|US5159120 *||Jun 13, 1991||Oct 27, 1992||Rhone-Poulenc Chimie||Preparation of dialkoxybutenes|
|Citing Patent||Filing date||Publication date||Applicant||Title|
|US7538060||Feb 14, 2007||May 26, 2009||Eastman Chemical Company||Palladium-copper chromite hydrogenation catalysts|
|US20080194397 *||Feb 14, 2007||Aug 14, 2008||Eastman Chemical Company||Palladium-copper chromite hydrogenation catalysts|
|US20080194398 *||Feb 14, 2007||Aug 14, 2008||Eastman Chemical Company||Ruthenium-copper chromite hydrogenation catalysts|
|U.S. Classification||568/673, 568/608, 568/678, 568/626, 568/671, 568/613|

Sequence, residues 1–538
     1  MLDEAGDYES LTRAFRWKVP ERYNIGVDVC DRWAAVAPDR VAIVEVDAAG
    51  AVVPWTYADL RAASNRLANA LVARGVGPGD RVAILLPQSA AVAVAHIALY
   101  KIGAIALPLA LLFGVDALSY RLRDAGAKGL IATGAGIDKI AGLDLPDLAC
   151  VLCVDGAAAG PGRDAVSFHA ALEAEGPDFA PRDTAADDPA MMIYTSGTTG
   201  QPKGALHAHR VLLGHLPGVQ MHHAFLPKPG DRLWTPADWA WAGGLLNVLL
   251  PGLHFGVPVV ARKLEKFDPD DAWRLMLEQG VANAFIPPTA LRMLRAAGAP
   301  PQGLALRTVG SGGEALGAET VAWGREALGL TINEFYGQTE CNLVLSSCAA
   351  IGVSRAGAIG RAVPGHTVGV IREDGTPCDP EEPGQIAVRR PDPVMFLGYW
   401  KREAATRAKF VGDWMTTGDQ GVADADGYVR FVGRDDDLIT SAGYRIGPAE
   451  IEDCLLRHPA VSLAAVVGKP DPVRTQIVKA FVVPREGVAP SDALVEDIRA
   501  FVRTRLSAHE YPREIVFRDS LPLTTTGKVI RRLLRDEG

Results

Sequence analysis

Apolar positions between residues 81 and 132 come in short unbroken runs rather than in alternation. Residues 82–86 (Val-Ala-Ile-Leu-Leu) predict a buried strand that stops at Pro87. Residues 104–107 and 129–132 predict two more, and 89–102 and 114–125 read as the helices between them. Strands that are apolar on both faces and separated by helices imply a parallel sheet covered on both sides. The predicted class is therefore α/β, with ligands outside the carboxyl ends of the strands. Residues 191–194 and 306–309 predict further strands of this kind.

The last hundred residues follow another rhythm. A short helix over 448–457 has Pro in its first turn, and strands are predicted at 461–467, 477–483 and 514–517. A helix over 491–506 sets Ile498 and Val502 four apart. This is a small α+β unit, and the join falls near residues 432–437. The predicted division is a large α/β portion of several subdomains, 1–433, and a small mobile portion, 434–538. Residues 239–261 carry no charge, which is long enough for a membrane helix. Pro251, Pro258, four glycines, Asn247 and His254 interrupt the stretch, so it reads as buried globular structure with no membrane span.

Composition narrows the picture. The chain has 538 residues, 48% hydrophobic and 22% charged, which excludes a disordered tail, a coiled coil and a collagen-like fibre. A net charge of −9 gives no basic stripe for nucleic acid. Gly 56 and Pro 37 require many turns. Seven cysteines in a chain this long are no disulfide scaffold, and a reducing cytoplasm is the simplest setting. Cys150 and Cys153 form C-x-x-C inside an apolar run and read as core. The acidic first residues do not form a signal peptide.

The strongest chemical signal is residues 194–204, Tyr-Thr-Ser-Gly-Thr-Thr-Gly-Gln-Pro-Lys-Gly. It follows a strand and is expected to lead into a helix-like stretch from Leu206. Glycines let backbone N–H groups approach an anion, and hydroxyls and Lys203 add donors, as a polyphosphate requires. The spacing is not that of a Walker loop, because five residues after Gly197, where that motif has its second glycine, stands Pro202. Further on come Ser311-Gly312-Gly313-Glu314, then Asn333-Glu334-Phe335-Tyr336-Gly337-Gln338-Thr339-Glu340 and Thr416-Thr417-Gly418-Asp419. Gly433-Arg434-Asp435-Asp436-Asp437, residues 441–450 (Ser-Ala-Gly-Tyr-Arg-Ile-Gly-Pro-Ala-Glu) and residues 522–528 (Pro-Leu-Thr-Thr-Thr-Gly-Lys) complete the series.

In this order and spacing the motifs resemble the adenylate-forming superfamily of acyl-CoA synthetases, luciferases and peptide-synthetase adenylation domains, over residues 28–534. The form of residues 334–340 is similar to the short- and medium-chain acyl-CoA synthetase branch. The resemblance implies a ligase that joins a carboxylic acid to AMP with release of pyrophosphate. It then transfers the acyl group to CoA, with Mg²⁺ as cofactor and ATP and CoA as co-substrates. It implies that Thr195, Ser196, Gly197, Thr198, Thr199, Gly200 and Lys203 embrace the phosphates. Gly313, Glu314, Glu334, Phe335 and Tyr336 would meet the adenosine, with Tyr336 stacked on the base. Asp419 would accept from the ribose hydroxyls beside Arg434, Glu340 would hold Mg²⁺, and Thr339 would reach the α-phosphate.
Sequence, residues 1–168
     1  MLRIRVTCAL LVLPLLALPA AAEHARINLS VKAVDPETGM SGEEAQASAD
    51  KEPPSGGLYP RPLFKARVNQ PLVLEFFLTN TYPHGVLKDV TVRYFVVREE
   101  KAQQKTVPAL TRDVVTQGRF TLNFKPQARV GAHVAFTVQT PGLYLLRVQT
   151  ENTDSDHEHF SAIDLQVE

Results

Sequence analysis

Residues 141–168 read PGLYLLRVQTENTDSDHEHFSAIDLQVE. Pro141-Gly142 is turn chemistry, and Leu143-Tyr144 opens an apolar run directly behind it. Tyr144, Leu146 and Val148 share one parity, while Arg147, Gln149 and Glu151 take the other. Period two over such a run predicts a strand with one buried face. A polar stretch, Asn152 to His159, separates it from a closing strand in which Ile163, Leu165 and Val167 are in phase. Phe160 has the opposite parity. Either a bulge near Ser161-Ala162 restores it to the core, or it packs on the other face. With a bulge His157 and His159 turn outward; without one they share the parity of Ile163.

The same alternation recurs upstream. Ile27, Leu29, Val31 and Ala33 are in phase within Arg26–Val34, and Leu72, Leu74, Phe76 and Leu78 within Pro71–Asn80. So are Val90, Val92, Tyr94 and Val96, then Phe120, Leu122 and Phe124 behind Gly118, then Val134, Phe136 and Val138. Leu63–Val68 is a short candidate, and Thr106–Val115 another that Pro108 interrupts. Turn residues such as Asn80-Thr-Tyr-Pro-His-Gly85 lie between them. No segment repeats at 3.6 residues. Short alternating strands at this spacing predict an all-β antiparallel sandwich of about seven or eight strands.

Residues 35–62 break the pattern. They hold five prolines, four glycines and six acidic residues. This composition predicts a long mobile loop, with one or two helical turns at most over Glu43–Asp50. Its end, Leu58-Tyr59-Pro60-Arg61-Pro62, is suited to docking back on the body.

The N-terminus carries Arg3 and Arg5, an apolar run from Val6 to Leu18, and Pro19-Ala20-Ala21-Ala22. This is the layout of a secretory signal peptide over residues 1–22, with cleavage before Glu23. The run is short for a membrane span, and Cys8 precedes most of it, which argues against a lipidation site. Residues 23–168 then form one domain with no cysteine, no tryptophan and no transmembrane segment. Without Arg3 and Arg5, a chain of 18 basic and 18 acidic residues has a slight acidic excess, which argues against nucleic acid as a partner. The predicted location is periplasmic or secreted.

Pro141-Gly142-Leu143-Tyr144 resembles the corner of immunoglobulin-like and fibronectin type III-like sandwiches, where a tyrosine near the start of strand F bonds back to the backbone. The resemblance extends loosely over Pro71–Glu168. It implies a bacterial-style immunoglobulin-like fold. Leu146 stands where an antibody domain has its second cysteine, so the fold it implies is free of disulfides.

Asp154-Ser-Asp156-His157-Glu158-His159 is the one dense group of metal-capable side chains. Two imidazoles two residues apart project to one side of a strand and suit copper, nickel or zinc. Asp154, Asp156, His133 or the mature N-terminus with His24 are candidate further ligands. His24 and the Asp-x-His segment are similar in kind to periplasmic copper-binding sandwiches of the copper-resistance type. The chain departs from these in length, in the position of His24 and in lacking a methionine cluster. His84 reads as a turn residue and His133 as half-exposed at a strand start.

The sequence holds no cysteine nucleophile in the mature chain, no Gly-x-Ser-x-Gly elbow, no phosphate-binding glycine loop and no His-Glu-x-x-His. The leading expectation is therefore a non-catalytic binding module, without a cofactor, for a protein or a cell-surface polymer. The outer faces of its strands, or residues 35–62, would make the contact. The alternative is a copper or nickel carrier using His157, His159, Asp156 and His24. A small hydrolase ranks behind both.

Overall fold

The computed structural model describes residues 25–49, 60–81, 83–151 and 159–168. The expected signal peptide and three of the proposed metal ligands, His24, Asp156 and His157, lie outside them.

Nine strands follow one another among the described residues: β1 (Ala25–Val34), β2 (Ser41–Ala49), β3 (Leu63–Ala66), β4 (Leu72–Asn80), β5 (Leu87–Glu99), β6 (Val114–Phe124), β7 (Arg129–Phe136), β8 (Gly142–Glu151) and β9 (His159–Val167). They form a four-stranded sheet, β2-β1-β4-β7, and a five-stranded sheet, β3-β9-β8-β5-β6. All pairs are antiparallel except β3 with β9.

|International Classification||B01J31/24, B01J23/36, C07C43/15, B01J23/72, C07B61/00, C07C41/30, C07C43/178, C07D307/08, C07C41/01, C07C43/13, C07C41/26|
|Cooperative Classification||C07C41/18, C07C41/32, C07D307/08, C07C41/26|
|European Classification||C07C43/13, C07D307/08, C07C41/01, C07C41/26|
|Nov 9, 2004||FPAY||Fee payment|
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|Dec 22, 2008||REMI||Maintenance fee reminder mailed|
|Jun 12, 2009||LAPS||Lapse for failure to pay maintenance fees|
|Aug 4, 2009||FP||Expired due to failure to pay maintenance fee|
Effective date: 20090612